This new fossil evidence supports theories about the nature of dinosaur mating displays and the evolutionary driver known as `sexual selection.' Since prehistoric times, males looking for mates have driven off weaker rivals. Females, meanwhile, have chosen the most impressive male performers as consorts. Similar sexual selection behaviors are common in mammals and birds. But until now scientists could only speculate about dinosaur mating behavior.

"The scrape evidence has significant implications," says Lockley. "This is physical evidence of pre-historic foreplay that is very similar to birds today. Modern birds using scrape ceremony courtship usually do so near their final nesting sites. So the fossil scrape evidence offers a tantalizing clue that dinosaurs in 'heat' may have gathered here millions of years ago to breed and then nest nearby."

Lockley's 15-strong tracker team, while including six Colorado residents, is truly international. Three Koreans represent the National Research Institute of Cultural Heritage, which partly funded a three-year joint dinosaur tracking project in Colorado and eastern Utah. The team also includes two Canadians, a Chinese colleague, and two Polish paleontologists, who, like Lockley, are involved with a new museum devoted to tracks in eastern Utah called Moab Giants. Three Bureau of Land Management (BLM) employees round out the team having worked closely with the trackers for several years assisting in state-of-the-art 3D photogrammetric documentation of the sites at three locations on BLM-administered land in western Colorado.

"We have to imagine several of these large dinosaurs, with feet up to 18 inches long, and bodies 20–25 feet, scraping sandy substrates near the shores of the famous Cretaceous gulf known as the Western Interior Seaway. They were probably not only excited, but quite vocal," says Neffra Matthews, a BLM paleontologist at the National Operations Center in Denver. "It would have been impressive."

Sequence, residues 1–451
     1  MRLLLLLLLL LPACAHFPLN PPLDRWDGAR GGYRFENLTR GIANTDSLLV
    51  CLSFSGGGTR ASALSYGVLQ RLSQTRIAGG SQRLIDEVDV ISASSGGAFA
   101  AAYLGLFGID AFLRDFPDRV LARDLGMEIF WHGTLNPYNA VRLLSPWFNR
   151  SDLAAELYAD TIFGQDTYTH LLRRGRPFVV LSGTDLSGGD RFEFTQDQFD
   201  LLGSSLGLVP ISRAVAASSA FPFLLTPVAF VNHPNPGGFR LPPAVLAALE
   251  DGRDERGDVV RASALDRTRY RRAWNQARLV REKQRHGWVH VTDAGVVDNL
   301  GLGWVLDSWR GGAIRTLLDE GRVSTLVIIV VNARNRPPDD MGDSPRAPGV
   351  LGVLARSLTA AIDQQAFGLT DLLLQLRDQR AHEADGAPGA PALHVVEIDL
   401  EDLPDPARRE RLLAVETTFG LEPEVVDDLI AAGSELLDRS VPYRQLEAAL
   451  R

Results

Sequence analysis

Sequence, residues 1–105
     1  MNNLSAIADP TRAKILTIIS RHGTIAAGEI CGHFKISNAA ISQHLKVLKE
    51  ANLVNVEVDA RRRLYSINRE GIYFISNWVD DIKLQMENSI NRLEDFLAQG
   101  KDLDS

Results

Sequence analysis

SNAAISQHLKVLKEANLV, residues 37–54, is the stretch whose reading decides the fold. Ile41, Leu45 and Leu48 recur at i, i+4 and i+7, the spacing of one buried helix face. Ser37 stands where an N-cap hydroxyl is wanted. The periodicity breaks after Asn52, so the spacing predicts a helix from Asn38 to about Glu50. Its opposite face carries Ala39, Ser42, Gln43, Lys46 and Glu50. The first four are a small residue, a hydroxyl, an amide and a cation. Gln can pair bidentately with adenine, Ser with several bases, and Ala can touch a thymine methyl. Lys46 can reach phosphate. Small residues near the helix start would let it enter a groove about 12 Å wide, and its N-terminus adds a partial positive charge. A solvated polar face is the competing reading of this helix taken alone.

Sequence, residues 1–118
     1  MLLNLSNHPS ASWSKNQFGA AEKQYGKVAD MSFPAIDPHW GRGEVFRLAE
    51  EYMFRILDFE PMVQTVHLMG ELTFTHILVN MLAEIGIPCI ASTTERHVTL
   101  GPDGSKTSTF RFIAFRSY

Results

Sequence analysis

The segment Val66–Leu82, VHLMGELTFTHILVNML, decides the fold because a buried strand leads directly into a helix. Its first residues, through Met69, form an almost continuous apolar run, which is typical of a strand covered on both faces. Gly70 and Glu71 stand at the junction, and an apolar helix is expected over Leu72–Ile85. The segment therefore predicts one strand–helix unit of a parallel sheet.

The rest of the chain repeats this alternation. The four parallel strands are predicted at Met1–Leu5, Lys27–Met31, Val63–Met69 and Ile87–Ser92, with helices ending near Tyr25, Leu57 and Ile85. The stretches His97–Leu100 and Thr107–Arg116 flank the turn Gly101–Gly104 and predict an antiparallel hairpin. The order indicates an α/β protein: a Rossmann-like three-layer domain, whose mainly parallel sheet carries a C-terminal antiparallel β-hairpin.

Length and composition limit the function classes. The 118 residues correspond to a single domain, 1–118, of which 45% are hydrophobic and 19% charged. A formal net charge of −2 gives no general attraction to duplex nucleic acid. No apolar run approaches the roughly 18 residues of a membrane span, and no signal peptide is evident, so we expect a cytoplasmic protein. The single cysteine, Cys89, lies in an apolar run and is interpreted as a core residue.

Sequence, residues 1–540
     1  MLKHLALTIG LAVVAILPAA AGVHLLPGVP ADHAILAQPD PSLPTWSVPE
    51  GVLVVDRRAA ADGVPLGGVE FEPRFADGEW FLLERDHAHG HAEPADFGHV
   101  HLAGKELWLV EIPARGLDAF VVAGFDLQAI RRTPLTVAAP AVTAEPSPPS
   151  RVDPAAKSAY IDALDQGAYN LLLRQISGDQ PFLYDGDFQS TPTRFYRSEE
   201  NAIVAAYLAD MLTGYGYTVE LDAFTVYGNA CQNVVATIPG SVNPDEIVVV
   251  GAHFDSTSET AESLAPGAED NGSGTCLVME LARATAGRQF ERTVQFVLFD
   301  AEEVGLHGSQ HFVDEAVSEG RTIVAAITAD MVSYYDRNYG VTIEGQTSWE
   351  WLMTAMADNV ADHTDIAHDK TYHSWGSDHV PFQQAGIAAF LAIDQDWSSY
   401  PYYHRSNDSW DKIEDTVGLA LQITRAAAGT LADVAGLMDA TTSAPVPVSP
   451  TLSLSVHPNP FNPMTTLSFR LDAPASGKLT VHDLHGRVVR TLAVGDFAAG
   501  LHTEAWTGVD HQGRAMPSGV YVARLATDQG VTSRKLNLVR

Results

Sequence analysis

Lockley and his team were unable to remove the scrape marks from the gigantic slabs of rock without damaging them. Instead, they created 3D images of the scrapes using a technique of layering photographs called photogrammetry. They also made rubber molds and fiberglass copies of the scrapes that are being stored at the Denver Museum of Nature and Science. "These huge trace fossils tell a fascinating story," says curator Joseph Sertich, adding, "they fill a gap in our understanding of dinosaur behavior."

Lockley cautions that some paleontologists have asked if there might be other explanations for the scraping. "We explored other possibilities." He explains that digging for water or food by carnivores was very unlikely, as water was abundant in these environments. Likewise, these would not be actual nest sites because there are no eggshells or bones of hatchlings, and in any case sitting in a nest for long periods would smudge out the very clear scratch marks. Aggressive male theropods might have used suitable sites to make territorial displays, but these, say the team, would be difficult to distinguish from display arenas. "The display arena hypothesis is clearly the most convincing" insist Richard McCrea and Lisa Buckley, team members and directors of the Peace Region Paleontological Research Center in British Columbia.

The scrape evidence has several significant implications. Modern birds using scrape ceremony courtship, usually do so near their final nesting sites. This means that finding the right type of scrapes could mean a nearby nest colony. No one has ever found one in the Dakota Sandstone, where acid conditions have removed most calcium carbonate shells, and perhaps eggshells as well. But the scrape evidence is a clue that "hot dinosaurs," congregated here in the spring breeding season and may have then nested nearby.

Adapted from an article by Emily Williams, University Communications, January 7, 2016.